Forest Park man gets 12 years in prison for child pornography

Forest Park detective assisted in investigation

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By Maria Maxham

On Wednesday, Feb. 26, a Forest Park man was sentenced to more than 12 years in prison for amassing a huge child pornography collection and ordered to pay $187,500 in restitution to the known child victims.

The case was investigated by the FBI's Child Exploitation and Human Trafficking Task Force, including members from the Cook County Sheriff's Office and Cook County State Attorney's Investigations Bureau. The Forest Park Police Department, specifically Jarlath Heveran of the Internet Crimes Against Children task force, was involved in the investigation as well.

Jonathan Stephens, 50, was arrested on Jan. 25, 2018 and has been in custody since then. In 2018, he pled guilty to one count of transportation of child pornography. On Feb. 26, 2019, U. S. District Judge Ronald A. Guzman sentenced Stephens to 12 years and seven months in prison, to be followed by nine years of supervised release.

Over a period of at least four years, Stephens collected approximately 194,000 sexually explicit images and videos, many of them of minors under the age of 12, on computers and external hard drives in his home. He allowed others to access and download the images and videos, which, according to the United States Attorney's office, showed children "forced to engage in sadistic and masochistic conduct."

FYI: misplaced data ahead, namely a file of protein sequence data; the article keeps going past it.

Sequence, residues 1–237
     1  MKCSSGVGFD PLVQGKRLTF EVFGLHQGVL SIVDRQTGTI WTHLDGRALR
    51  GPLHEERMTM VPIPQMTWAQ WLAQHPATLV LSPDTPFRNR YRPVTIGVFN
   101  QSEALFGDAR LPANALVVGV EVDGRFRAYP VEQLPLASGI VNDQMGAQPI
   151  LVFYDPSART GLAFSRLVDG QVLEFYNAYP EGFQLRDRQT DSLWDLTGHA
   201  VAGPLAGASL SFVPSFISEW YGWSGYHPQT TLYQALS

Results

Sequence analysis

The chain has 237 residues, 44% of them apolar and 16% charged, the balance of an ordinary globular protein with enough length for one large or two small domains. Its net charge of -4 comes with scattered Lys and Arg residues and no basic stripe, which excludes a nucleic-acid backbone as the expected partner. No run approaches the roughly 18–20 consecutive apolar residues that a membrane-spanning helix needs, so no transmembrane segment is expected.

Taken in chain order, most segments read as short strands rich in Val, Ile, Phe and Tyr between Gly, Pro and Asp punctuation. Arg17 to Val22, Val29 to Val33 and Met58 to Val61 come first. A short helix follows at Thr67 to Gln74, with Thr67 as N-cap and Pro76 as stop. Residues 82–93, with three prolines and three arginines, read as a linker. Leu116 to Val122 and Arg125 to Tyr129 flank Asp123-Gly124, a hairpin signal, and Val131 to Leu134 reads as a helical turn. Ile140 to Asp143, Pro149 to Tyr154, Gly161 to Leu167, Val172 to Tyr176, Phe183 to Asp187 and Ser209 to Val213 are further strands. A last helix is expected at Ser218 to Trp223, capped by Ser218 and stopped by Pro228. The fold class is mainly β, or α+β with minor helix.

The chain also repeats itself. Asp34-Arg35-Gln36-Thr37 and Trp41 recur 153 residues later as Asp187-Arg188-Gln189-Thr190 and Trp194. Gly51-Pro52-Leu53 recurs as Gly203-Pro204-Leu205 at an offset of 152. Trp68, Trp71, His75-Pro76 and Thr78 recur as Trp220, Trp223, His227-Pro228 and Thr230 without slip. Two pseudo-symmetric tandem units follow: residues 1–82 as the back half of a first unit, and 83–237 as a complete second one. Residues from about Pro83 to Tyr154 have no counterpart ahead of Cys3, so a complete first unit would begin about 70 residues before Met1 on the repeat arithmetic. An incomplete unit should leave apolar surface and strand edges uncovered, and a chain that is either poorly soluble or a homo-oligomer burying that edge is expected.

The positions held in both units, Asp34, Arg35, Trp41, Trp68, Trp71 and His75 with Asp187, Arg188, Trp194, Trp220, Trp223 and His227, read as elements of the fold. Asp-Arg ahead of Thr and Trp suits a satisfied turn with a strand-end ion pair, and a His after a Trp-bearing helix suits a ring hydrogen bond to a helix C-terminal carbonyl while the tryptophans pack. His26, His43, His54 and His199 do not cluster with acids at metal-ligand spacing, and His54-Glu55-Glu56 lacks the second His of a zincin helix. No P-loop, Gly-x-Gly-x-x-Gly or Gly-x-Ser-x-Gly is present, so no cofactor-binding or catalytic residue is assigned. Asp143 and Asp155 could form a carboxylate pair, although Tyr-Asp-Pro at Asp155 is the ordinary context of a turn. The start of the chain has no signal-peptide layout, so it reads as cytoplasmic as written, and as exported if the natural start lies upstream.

In the government's sentencing memorandum, Assistant U.S. Attorney Jeannice W. Appenteng, who represented the government with Assistant U.S. Attorney Jared C. Jodrey, talked about the nature of the crimes.

"The defendant's victims are numerous," said Appenteng. "Each child depicted in the images and videos went through a horrible experience and continues to relive that suffering and endure new suffering because of the defendant's actions."

Forest Park's Heveran said that, along with the FBI, he spent four to five months investigating Stephens.

"He was out of control," said Heveran about Stephens' accumulation of child pornography. "That's how I would describe him. He didn't know how to stop. He was at it day and night, living in filth." Shortly after Stephens' arrest, his house was condemned.

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Reader Comments

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William Dwyer Jr.  

Posted: February 29th, 2020 10:52 AM

Unlike state law enforcement, the feds don't, in most cases, release photos of arrestees and prisoners.

Jon Tutaj  

Posted: February 28th, 2020 3:15 PM

Please post a photo

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